I think Kevin Drum’s post about shield laws is generally sensible–particularly the point that any such laws should protect activities, not professional identities–but I think there’s one point that’s worth adding to this:
At the same time, I agree with both Glenn and Atrios that it’s the activity of journalism that should be protected, not any particular medium. There’s an obvious objection to this, of course: if an activity as common as blogging provides protection against testifying in federal court, the Corleone family would just set up a blog and then sit back and happily thumb their noses at prosecutors forever.
This is unpersuasive. It’s perfectly possible to define “journalism” in a reasonable way, and judges are quite capable of distinguishing between genuine journalism and obvious ploys. It’s a matter of intent, and judges rule on stuff like that all the time. They won’t do it perfectly, but even a modest check on executive branch zeal is worth having.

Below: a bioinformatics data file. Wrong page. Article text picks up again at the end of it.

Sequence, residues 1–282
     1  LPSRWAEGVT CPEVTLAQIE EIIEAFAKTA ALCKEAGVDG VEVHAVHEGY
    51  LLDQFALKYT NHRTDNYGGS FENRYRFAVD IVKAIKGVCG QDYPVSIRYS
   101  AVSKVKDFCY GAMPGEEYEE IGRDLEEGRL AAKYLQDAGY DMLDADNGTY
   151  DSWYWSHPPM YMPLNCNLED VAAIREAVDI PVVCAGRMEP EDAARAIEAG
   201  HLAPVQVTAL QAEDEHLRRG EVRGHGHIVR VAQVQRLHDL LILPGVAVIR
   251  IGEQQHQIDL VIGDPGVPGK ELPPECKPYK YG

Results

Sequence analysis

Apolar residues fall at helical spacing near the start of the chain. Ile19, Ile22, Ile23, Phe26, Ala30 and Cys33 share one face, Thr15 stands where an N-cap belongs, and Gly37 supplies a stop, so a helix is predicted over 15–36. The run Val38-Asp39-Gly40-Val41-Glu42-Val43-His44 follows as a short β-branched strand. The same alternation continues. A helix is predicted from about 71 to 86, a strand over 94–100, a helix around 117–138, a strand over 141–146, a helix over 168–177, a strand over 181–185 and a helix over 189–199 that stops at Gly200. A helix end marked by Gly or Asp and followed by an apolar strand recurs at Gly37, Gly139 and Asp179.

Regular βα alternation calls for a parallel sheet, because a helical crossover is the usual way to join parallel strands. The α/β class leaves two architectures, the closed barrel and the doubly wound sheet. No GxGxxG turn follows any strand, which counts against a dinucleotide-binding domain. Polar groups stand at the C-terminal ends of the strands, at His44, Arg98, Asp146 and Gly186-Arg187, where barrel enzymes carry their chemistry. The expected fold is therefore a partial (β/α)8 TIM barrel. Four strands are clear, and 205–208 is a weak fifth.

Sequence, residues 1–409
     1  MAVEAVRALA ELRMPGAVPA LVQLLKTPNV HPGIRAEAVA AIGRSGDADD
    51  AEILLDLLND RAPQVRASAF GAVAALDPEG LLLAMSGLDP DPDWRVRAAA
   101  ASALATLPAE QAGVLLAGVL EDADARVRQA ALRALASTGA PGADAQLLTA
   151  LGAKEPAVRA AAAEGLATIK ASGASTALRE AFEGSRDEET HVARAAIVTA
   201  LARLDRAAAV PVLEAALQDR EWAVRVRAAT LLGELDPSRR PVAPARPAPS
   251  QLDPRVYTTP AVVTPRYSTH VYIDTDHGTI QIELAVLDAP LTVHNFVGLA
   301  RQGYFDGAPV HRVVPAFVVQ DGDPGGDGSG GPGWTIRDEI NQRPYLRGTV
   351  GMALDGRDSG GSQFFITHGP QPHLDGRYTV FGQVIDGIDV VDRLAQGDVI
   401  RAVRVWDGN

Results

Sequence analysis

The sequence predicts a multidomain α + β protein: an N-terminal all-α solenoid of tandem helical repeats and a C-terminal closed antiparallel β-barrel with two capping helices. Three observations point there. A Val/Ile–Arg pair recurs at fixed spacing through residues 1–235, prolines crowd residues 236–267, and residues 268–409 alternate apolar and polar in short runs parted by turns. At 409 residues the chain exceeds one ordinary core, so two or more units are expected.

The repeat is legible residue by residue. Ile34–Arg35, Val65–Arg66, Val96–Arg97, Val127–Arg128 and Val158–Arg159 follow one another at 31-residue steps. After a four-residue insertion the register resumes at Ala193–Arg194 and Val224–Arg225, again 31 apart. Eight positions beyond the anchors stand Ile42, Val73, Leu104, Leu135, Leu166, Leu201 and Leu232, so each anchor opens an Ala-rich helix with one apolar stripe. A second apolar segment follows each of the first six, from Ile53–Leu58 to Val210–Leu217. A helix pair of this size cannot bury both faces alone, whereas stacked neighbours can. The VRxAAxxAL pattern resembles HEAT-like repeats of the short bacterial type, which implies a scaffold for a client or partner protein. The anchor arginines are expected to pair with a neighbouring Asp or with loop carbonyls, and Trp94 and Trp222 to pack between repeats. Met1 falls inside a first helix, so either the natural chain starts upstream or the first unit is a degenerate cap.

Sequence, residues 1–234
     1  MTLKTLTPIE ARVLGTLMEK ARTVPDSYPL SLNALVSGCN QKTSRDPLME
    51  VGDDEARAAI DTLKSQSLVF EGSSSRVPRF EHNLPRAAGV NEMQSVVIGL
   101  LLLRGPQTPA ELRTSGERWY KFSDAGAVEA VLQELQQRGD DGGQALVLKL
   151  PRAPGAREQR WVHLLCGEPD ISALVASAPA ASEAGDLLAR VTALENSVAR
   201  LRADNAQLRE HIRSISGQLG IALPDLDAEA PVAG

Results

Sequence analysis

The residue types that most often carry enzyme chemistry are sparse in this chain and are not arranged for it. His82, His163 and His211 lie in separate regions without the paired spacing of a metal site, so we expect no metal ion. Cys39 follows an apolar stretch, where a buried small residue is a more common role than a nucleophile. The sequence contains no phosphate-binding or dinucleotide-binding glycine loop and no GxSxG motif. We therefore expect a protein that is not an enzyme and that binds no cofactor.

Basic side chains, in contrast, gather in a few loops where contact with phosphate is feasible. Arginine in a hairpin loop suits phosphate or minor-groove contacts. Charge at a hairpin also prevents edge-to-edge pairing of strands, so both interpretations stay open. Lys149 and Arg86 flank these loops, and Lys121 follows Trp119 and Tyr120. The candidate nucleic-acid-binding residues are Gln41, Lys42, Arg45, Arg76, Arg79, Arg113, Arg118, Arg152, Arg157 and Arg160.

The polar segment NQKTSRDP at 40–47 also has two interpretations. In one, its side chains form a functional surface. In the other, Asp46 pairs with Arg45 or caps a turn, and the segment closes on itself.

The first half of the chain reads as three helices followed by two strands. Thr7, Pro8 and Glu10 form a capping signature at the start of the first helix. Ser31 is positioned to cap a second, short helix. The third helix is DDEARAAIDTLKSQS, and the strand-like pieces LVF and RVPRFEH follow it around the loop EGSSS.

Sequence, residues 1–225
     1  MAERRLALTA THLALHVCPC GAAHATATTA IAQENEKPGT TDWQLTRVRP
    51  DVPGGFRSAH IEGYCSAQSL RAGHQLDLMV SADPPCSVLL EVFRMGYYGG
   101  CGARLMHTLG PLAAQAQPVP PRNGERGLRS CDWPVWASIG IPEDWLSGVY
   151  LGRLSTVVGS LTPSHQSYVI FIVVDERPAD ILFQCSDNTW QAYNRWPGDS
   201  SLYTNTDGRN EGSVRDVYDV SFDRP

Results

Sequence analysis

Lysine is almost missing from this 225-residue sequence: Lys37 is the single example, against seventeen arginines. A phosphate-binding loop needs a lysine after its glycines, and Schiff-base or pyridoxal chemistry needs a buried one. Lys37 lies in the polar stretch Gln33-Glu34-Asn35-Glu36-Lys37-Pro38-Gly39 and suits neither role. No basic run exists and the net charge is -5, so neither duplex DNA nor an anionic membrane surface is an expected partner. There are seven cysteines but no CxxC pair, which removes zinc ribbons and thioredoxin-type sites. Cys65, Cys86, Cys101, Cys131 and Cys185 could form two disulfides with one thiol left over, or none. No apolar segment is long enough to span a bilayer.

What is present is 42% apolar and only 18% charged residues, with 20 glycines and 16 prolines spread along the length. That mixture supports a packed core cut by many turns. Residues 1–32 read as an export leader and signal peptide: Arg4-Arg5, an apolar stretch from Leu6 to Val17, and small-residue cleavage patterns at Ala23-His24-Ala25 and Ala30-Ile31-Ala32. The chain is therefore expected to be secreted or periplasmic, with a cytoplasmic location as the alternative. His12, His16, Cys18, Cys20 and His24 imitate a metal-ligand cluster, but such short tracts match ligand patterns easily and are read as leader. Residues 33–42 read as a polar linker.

This is right, as far as it goes, but there’s an additional point, which is that a privilege against testifying should be rebuttable from the other end as well. Any good shield law will presumably involve a balance between the reporter’s privelege and the state’s interest in the testimony. So it’s not just that a blog that exists to send coded messages about breaking the legs of the store owner who resisted a shakedown to hired goons wouldn’t qualify as “journalism.” It’s also that the state’s interest in preventing assault and battery is extremely high, and would obviously trump privileges created by a shield law. As I’ve mentioned before, this also applies to the case of Judith Miller. Even if federal law were to grant journalists privilege against testifying–which I think would be desirable–and we assume for the sake of argument that her conversations with Scooter Libby constitute journalism, privilege would pretty clearly not hold up in this case. The state has a very strong interest in not having its covert agents burned, and the public interest in this case (Miller didn’t even write a story based on what she learned, and her source was not providing useful information but was using her to pursue the interests of the administration) was negligible. So unless the privilege created by the shield law was absolute, which is obviously a terrible (and unworkable) idea, Miller would almost certainly be compelled to testify even if a shield law were in place. It is true that there will be much tougher cases than Miller’s, but as Kevin said, balancing individual rights (whether constitutional or statutory) and state interests is something courts do as a matter of course.